I started prepping for dinner. I cut the meat into bite size pieces, cut up the leaks, made the marinade, and put it all together. I even put all the stuff away and cleaned the knife and cutting board. (Stuart did the rest of the meal)
I brushed my hair. I brushed my teeth. I washed my face. I moisturized. I took my medication correctly all day.
There’s a number of things I didn’t get done, like get dressed, but that was so not important today.
Tomorrow morning I’m going to a painting class with my niece. I’m trying not to worry that I’ll have a severe migraine. I am determined to do this with her. I missed her birthday party, and this class was my gift to her. (She wanted to do something artsy with Aunt Wendy) I don’t normally feel like I have to push myself through no matter what, but I dont want to disappoint this child.
Please remember when reading this journal entry my cognitive abilities are a bit dulled right now. Also, This is the first time I’ve posted from my phone, I works.
Recap. Let’s see, when last I left off we planned to go to Charleston, SC in September for our anniversary; there was a possibility we might have to move; and I was getting a hair cut. Turns out none of those things are happening or happened.
Trip. After researching a trip to Charleston it just didn’t seem like the smartest thing to do this year. The trip was going to cost us more than twice what we had originally budgeted for our trip to New Mexico, I’ve been to Charleston hundreds of times, Stuart really has little desire to visit there, we weren’t going to be able to see as many people as we’d like and still have a romantic trip…there were just too many things that said this was not the trip for us. We decided it would be best to take a second trip to specifically visit with family and friends, and we are going back to our original plans of going to Albuquerque and Santa Fe to celebrate our 15th anniversary.
Move. I’m relieved to say that we do not have to move, our landlords have decided not to sell the house right now. The house has a pool and the best time to sell is during the summer, there are a few things they want to do to the house before selling it and they wouldn’t have been able to get it done in time to get it one the market for the pool season, so they have decided to wait. That is a huge relief. Soon we’ll be house hunting. That can be fun, and or ahhhh. Hopefully, it won’t take long to find the perfect home for us.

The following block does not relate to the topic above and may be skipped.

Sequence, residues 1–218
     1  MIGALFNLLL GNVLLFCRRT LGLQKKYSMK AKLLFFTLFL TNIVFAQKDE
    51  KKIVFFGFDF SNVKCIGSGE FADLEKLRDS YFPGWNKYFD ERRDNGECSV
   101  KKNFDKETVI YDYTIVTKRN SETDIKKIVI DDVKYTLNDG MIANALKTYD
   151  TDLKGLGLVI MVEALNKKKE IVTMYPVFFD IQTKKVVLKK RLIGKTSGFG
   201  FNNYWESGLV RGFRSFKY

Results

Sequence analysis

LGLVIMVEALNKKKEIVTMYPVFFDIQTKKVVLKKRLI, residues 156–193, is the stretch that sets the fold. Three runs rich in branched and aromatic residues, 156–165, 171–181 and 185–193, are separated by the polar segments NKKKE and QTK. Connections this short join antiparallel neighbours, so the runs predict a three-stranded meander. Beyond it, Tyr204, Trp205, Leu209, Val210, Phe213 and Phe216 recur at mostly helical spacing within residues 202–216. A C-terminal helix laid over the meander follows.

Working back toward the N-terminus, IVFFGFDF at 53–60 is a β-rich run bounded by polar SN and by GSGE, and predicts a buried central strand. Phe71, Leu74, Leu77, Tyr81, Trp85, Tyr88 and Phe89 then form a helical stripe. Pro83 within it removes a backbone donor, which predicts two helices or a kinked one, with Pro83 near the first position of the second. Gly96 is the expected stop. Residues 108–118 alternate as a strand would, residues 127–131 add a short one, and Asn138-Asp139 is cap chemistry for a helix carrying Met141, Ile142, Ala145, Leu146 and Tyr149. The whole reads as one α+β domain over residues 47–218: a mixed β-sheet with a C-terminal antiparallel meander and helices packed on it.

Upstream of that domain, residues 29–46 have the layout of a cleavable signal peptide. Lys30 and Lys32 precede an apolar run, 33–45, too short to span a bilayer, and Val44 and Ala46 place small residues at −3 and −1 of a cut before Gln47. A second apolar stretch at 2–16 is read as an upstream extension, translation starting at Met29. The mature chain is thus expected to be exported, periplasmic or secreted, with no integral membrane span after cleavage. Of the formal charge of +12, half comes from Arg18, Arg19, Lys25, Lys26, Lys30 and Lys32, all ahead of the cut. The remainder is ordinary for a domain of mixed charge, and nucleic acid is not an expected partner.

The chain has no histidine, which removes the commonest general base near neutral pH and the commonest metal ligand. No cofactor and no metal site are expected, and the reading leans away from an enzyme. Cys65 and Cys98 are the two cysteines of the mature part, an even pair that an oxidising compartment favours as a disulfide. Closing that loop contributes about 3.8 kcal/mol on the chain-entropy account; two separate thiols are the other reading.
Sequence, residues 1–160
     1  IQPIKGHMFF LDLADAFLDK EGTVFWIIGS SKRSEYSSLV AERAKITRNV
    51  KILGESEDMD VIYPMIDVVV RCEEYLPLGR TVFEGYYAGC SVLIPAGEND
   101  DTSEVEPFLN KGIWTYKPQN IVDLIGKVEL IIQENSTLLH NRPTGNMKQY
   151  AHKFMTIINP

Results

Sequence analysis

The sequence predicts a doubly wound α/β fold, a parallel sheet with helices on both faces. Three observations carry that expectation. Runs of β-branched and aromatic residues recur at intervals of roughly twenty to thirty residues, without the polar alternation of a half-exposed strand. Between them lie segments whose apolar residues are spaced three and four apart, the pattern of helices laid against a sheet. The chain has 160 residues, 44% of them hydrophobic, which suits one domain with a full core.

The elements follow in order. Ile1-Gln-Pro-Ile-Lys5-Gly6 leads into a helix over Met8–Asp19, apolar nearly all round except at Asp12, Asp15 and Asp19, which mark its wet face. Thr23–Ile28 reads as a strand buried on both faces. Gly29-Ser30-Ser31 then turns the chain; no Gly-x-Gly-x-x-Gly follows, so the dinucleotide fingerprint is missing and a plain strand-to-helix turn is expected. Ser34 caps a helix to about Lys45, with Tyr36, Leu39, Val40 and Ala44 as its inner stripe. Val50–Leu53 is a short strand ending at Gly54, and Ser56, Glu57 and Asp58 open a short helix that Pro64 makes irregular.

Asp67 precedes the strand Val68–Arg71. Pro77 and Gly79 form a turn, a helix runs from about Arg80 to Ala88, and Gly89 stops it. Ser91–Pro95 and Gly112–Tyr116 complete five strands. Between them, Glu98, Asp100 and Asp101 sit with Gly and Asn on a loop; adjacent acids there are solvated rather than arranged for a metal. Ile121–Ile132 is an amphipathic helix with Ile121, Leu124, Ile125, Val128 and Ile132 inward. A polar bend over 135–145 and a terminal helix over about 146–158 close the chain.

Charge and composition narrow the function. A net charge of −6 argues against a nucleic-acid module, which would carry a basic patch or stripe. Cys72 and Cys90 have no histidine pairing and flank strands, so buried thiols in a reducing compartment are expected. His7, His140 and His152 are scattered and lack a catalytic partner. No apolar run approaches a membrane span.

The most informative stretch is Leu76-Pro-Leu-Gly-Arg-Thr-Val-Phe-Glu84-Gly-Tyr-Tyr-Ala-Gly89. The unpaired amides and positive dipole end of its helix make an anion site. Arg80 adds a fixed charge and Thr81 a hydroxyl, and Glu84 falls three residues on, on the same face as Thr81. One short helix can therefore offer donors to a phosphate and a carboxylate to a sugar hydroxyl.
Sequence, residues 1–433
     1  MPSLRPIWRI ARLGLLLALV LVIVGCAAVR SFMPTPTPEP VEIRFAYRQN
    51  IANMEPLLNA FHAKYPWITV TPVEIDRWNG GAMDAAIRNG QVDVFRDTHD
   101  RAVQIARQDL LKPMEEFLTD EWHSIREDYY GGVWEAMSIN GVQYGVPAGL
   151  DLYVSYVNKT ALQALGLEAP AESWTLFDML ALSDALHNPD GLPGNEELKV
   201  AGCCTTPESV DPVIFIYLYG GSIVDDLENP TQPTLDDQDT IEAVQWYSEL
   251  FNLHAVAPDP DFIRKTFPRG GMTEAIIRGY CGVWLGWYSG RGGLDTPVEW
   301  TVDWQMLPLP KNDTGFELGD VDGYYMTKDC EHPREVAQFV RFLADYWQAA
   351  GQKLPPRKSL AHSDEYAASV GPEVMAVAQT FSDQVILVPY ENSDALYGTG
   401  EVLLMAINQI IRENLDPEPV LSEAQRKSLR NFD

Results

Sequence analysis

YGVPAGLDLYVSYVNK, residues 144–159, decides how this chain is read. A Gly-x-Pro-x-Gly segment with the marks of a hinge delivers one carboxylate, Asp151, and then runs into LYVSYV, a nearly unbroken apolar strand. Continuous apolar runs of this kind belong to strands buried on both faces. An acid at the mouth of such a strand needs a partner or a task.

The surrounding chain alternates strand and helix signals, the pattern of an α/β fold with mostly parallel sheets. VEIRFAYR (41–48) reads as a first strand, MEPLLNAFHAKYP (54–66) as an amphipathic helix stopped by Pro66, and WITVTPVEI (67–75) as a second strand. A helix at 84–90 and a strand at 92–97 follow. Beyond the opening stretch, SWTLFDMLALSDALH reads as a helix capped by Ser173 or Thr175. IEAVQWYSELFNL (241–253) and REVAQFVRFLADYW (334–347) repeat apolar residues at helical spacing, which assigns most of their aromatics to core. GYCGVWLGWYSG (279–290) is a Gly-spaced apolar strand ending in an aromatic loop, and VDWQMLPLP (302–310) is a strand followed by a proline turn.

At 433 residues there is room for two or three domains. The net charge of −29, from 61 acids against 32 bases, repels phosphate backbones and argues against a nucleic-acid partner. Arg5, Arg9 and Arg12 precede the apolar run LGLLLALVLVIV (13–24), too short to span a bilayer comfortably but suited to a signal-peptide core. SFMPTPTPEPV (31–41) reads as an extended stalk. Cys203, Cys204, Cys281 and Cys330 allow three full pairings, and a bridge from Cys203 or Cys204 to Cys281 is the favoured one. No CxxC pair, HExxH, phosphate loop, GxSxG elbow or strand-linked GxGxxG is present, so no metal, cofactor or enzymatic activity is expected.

Hair I ended up not getting my hair cut. It ended up being a not so good day and I just couldn’t go. I had been up most of the night with nausea, and when I don’t sleep the next day is precarious. I haven’t made a new appointment yet. I have a case of the nerves about it now. As much as my long hair is hard to wash and gets everywhere, it is very easy to just throw it in a pony tail, and I’m used to it. I think I’m a creature of habit. What if I really mess it up? When I was younger I’d think, “It’s hair, it will grow back” Now, my hair is much thinner, and I’m not too sure it will grow back. Damn I’m old. hahahah
Migraines. I’ve been on the new migraine preventative, Emgality, for a month now. I was told not to expect a reduction in migraines the first month. I talked with others and most on the boards noticed some difference. Here’s my experience:
In February I had NO migraine free days and took medication for 10 days (the maximum number of days allowed) . In March I had 2 migraine free days and took medication for 10 days. This month, I had 5 migraine free days, and I’ve taken meds for 7 days. This may not sound like much of a reduction, but I haven’t had 5 migraine free days in a month in as long as l can remember. My maximum free is normally 2, and I always take the medication for the maximum allowed number of days. This week I actually reached for a rescue med at the first sign of a migraine, like you are supposed to, instead of waiting until it hit an 8, because I wasn’t afraid I’d run out of allowed days before the end of the month. I took my second shot yesterday, cross fingers for me that May brings fewer migraines.
Bipolar Depression. This week I broke down and started a new antidepressant. I tried hard to pull myself out of this funk, this sadness, this feeling of utter worthlessness, but I haven’t been able to. I told myself it was situational, it wasn’t me, and I could get past it if I worked on it. I’ve been working with my therapist and I do have things in my life that can cause depression, but the situations, and my coping with them, are getting better, but the feelings aren’t. It’s time for a little help. I’m having very mixed emotions about this and I’m not sure why. I feel like I’m always going to be a bit off anyway. I’m never going to be normal. I’m always going to be bipolar. When do I stop and just say, this is how I am and it’s how I’m going to be. This is my normal. Live with it. No more medication tweaks. No more added medications. But I want to feel better.